Wearable Step Counters Offer Exercise Leg Up




This is Scientific American 60-Second Health. I'm Dina Fine Maron. Got a minute?
Sometimes it's hard to get moving.
So setting a goal for the number of steps you walk each day can be a good motivator.
But how to keep track of your total?
A new study finds that many of the widely available wearable step counters actually keep a pretty accurate count.
The research is in JAMA.
For the study, 14 volunteers agreed to walk on treadmills while decked out with 10 popular wearable or smartphone counting technologies.
The devices were compared with actual manual counts of either 500 or 1,500 steps.
So how'd they do?
Smartphone apps were better step trackers than wearable tech, but the wearables were not terrible either.
They typically slightly undercounted, compared to manual tallies, for example.
Some of the discrepancy between the apps and wearables could be because volunteers' phones were in a pocket close to their hips where it may be easier to pick up specific movements.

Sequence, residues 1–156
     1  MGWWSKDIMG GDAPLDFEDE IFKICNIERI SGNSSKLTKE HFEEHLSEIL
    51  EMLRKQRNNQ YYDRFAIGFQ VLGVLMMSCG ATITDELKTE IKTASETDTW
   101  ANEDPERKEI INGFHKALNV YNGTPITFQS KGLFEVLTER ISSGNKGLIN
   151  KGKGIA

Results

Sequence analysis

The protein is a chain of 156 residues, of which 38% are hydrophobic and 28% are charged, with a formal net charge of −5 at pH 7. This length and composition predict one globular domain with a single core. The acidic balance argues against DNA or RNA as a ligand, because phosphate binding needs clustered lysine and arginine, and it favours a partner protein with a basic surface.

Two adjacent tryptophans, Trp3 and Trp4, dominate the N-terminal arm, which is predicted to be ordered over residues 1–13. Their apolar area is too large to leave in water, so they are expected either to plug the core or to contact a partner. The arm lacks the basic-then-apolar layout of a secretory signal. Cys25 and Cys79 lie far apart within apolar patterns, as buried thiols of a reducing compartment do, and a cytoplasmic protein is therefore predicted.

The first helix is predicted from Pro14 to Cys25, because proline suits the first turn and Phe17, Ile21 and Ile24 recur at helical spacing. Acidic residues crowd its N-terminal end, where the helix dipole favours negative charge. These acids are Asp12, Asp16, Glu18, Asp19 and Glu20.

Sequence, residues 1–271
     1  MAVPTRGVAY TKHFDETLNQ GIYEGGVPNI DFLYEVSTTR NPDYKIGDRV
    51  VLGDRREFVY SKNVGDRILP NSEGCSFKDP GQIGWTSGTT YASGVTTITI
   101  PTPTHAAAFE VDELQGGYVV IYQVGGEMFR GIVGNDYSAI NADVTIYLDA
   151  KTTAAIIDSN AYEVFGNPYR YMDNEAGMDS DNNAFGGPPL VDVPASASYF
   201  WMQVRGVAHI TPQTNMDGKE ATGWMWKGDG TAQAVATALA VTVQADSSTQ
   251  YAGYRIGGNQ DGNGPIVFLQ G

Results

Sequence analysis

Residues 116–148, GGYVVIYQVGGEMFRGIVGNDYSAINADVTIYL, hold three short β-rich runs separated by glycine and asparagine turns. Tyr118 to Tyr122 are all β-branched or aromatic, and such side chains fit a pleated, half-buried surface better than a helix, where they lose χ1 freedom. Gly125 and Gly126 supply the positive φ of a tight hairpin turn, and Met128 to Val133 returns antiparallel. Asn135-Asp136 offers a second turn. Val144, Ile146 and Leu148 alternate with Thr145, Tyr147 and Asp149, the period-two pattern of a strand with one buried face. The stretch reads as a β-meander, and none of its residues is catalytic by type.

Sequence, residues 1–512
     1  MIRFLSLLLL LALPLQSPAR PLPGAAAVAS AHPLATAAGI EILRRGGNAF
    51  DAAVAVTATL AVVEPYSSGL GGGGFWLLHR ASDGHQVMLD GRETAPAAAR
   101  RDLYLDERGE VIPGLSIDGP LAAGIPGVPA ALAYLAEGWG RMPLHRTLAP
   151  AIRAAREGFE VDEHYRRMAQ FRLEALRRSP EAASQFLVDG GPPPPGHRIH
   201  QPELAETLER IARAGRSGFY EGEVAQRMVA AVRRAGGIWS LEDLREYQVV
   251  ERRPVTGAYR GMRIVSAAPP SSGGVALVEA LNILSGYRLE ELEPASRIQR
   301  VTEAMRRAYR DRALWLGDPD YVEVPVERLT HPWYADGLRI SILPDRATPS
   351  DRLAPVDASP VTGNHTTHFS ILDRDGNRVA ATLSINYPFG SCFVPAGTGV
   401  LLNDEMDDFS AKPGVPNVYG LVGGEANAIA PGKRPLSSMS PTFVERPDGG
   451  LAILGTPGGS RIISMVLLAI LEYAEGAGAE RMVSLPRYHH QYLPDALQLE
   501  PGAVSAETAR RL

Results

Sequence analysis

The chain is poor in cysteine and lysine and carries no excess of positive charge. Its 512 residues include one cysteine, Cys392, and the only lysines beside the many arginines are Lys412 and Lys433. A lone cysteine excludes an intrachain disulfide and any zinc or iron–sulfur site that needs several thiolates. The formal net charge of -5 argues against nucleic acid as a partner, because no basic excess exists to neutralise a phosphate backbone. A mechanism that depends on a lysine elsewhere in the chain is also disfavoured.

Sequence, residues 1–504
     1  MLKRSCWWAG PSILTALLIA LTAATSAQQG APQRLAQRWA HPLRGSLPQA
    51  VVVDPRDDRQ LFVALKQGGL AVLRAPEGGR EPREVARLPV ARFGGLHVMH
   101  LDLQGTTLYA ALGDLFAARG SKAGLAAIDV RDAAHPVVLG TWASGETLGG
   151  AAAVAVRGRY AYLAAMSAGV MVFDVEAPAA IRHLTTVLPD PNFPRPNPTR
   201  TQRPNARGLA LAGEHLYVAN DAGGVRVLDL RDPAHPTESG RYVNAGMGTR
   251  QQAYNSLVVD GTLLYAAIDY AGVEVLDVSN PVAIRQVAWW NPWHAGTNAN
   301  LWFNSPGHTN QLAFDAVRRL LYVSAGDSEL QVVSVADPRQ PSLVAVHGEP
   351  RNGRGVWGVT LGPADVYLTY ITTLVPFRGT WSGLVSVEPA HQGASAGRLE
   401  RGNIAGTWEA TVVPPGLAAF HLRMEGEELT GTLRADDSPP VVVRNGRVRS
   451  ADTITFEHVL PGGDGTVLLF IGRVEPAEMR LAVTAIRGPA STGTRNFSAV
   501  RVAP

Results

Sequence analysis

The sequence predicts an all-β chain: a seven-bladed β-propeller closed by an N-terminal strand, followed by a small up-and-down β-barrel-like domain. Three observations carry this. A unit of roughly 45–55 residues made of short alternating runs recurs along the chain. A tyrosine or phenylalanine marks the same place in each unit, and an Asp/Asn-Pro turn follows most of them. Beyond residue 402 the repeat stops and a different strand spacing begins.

But in everyday life smartphones would not always be in a pocket, of course.
Of the 10 apps or devices studied, the Fitbit One was most accurate and had good consistency.
Although none of the counts were that far off, for example, clocking just 1,200 steps instead of 1,500, the findings suggest that it's probably a good idea to take the numbers as a loose estimate.
And if you can't walk somewhere, you can still feel motivated to park a few hundred steps away from your final destination.
Thanks for the minute, for Scientific American 60-Second Health. I'm Dina Fine Maron.